Now, let's say that the moment you step backward your dog pops right out of that sit. You might think, "Oh man, my dog is never going to get this right if I can't get one foot off the ground!" Do not despair! Your dog is watching everything you do - it's not surprising that he is reacting to your motion with motion of his own. So how do we deal with this?
We're going to troubleshoot this exercise with your dog. Instead of stepping backward, just lift your toe off the ground and swing it backwards ever-so-slightly. If your dog stays put, perfect! Give that dog a treat! If not, it's still too much movement for him, so try just shifting your weight as if you were about to take a backwards step, but do not move your foot. If the dog stays put, reward! Gradually increase the depth of your movements, rewarding your dog at each iteration, until you can take one full step backwards, and forwards again. This process rewards your dog through the process gradually enough that they can form a meaningful connection between the 'stay' cue (verbal and hand signal) and remaining in a sit, no matter what movements you might be making.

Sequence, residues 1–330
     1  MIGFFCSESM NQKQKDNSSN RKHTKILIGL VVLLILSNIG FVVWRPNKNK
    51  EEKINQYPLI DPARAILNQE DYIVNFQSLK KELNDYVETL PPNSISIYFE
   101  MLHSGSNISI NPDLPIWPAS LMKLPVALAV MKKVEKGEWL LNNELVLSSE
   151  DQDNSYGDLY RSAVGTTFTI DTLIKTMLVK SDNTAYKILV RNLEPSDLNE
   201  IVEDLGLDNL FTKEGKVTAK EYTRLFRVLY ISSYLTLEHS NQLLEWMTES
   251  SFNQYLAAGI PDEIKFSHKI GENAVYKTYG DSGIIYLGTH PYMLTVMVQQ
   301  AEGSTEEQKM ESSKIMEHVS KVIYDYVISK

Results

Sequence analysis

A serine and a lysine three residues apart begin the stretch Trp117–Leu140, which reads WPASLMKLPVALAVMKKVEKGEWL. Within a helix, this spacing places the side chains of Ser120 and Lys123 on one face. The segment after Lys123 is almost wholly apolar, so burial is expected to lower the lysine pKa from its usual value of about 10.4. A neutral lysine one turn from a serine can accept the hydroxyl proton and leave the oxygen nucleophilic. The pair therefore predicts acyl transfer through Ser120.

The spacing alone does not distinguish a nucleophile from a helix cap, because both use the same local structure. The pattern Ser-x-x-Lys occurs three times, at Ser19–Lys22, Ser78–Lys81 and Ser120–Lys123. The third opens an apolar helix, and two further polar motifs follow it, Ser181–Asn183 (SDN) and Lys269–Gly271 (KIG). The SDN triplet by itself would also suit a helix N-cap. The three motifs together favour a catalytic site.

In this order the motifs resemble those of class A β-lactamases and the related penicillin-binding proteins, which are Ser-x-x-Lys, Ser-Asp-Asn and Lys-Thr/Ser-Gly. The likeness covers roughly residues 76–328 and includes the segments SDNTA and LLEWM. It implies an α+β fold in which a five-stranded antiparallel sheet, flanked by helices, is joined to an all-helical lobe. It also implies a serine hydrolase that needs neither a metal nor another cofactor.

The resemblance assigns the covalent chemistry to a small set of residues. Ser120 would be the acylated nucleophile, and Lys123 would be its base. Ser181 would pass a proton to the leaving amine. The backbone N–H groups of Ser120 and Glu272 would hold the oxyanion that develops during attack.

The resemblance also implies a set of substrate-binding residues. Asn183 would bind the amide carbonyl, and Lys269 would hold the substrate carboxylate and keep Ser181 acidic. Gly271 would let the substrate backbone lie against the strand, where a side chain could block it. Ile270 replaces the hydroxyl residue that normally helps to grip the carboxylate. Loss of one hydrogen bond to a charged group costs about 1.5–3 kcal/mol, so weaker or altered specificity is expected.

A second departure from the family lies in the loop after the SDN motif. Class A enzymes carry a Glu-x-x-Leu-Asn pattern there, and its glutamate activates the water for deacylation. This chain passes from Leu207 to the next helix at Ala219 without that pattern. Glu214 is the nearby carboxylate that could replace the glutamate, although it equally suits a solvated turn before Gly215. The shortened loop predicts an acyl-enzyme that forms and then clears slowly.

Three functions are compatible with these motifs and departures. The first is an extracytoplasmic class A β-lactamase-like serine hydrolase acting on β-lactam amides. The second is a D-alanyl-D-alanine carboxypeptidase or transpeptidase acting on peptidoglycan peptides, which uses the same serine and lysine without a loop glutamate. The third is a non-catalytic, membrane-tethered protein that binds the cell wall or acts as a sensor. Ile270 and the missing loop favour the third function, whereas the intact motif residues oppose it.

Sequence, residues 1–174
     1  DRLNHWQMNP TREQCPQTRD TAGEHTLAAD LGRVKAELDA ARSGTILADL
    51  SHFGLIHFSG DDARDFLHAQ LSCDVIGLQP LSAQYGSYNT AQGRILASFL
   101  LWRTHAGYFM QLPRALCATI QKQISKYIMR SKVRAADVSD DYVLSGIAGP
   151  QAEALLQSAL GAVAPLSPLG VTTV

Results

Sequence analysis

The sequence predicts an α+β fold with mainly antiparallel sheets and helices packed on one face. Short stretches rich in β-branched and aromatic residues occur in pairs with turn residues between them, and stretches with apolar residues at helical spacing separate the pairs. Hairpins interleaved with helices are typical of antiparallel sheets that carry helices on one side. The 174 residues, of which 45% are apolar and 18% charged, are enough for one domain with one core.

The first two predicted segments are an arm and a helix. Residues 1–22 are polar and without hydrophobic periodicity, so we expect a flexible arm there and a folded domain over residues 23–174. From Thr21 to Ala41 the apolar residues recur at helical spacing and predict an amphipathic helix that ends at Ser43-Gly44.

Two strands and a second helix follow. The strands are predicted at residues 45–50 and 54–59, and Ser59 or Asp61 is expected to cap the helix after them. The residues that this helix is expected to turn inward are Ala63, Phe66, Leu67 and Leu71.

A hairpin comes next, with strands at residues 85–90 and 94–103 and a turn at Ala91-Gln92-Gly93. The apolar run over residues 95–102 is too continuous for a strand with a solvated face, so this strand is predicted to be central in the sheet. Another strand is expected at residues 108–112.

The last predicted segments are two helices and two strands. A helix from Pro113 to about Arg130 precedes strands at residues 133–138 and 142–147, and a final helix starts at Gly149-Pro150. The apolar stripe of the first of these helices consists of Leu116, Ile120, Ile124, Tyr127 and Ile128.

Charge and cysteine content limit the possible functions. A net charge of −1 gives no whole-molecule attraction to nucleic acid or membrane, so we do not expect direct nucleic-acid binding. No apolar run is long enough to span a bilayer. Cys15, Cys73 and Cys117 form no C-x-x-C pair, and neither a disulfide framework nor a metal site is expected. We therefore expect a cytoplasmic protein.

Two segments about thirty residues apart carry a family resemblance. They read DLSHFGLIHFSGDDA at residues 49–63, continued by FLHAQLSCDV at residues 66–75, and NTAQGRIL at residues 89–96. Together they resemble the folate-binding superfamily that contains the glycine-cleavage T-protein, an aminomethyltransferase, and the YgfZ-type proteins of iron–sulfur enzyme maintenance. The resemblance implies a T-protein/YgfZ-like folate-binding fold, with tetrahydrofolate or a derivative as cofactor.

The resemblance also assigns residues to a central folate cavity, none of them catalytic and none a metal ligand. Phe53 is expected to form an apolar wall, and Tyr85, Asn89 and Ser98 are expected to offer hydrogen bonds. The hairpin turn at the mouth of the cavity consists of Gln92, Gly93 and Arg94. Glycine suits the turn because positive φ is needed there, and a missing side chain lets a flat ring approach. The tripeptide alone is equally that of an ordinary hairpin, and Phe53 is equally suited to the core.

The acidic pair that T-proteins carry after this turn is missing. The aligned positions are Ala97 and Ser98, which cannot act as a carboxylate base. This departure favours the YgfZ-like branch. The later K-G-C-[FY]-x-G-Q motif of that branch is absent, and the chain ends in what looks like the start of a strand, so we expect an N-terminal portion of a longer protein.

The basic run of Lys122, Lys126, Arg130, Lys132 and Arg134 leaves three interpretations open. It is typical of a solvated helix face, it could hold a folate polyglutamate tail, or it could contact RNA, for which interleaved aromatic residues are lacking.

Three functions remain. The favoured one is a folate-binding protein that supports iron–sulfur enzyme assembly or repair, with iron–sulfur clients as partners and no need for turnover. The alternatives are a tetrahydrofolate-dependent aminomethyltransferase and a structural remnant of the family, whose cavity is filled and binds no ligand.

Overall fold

Carrying on, the trick here is to get back into your original position before the dog stands up. This allows you to reward the behavior you actually want, a crucial element in training any animal, including dogs.
Next, you want to start increasing distance. Once your dog can stay in place for one step back and forward, graduate the lesson to two steps. Start with 5-10 treats ready in hand. Step away --> come back --> give treat --> repeat until all treats are gone.
Do this a couple of times consecutively, and increase the distance again. The goal is always the same - to get back to your dog before he stands up. The only variable here is the increasing distance.